This is a prospective cohort study with participants recruited from the outpatient clinic for arrhythmias and PM at the Clinical Hospital of the Federal University of Ceará, Brazil, between May 2015 and January 2018. Patients with uni- or bicameral PMs with a capacity for EGM implanted in the last 10 years for sinus node dysfunction or atrioventricular block were included. Patients referred to the arrhythmia clinic for syncope or attending a routine follow-up appointment were recruited for the study.

Patients with an implantable cardioverter defibrillator and multisite or biventricular PM were excluded. Those who had at least one episode of syncope in the last 12 months were assigned to the case group, and those with no history of syncope were assigned to the control group. Quarterly follow-ups were performed in the first year or, in cases of recurrent syncope, were performed earlier. Members of the control group were matched with members of the case group weekly.

Patients with structural heart disease included those with heart failure (as well as those with preserved ejection fraction or left ventricular dysfunction), moderate-to-severe left ventricular hypertrophy, known coronary artery disease, previous myocardial revascularization, previous stenting, or moderate-to-severe valvulopathy.

Investigative protocols included obtaining a detailed history of the episodes of syncope with standardized questionnaires performed by cardiologists specializing in arrhythmias along with a physical examination including evaluating for orthostatic hypotension (OH), PM testing, EGM analysis with myopotential inhibition tests, standard ECG, and echocardiograms. After clinical evaluation, additional tests such as 24-hour Holter monitoring, seven-day Holter monitoring, tilt table testing, carotid sinus hypersensitivity testing, electrophysiological studies, or neurological examinations were requested if symptoms related to the tests were clinically suspected. OH was included in the dysautonomia/vasovagal group. The authors adhered to the European Society of Cardiology Guidelines for the Diagnosis and Management of Syncope1.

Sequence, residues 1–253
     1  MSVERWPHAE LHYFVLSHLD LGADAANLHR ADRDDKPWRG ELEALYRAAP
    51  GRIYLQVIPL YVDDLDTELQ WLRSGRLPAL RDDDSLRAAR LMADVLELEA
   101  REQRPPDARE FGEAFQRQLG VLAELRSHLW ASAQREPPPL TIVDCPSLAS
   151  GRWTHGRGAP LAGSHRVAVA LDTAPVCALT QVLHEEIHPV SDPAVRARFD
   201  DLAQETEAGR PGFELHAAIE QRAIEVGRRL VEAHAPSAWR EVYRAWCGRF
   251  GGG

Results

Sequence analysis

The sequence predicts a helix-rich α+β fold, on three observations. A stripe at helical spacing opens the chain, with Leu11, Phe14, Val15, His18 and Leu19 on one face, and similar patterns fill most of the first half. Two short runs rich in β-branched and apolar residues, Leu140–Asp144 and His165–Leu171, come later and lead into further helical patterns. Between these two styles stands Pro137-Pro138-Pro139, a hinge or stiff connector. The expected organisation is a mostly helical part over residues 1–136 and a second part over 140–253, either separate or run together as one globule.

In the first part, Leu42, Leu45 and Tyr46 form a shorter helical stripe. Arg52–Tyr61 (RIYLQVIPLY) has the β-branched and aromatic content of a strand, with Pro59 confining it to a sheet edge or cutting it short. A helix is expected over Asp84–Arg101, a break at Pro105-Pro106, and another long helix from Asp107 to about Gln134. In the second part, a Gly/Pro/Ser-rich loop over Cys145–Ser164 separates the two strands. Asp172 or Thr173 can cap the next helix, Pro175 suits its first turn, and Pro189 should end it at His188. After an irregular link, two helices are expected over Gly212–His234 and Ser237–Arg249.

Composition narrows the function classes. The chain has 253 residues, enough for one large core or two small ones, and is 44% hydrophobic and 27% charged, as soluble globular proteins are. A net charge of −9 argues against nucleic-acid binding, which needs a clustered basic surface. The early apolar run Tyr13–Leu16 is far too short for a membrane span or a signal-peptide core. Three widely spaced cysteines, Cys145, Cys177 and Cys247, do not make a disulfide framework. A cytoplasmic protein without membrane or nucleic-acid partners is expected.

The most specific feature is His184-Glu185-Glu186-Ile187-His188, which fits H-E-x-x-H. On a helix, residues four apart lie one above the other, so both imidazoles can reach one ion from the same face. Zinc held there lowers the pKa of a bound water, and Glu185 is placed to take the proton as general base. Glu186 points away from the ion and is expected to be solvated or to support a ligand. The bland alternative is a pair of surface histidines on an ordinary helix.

This study was approved by the ethics committee of the hospital where it was conducted. All participants or their legal representatives signed the terms of free and informed consent.

Statistical Analysis

Data was verified by the Shapiro-Wilk test. Continuous variables were analyzed using Mann-Whitney U tests, and categorical variables were analyzed using Chi-squared tests or Fisher’s exact tests when appropriate. Multivariate logistic regression analysis was performed, including variables with P<0.10 in a univariate analysis. Statistical significance was set at P<0.05. The software used for analysis was R Open 3.5.1 (Microsoft Corp, Redmond, Washington, United States of America).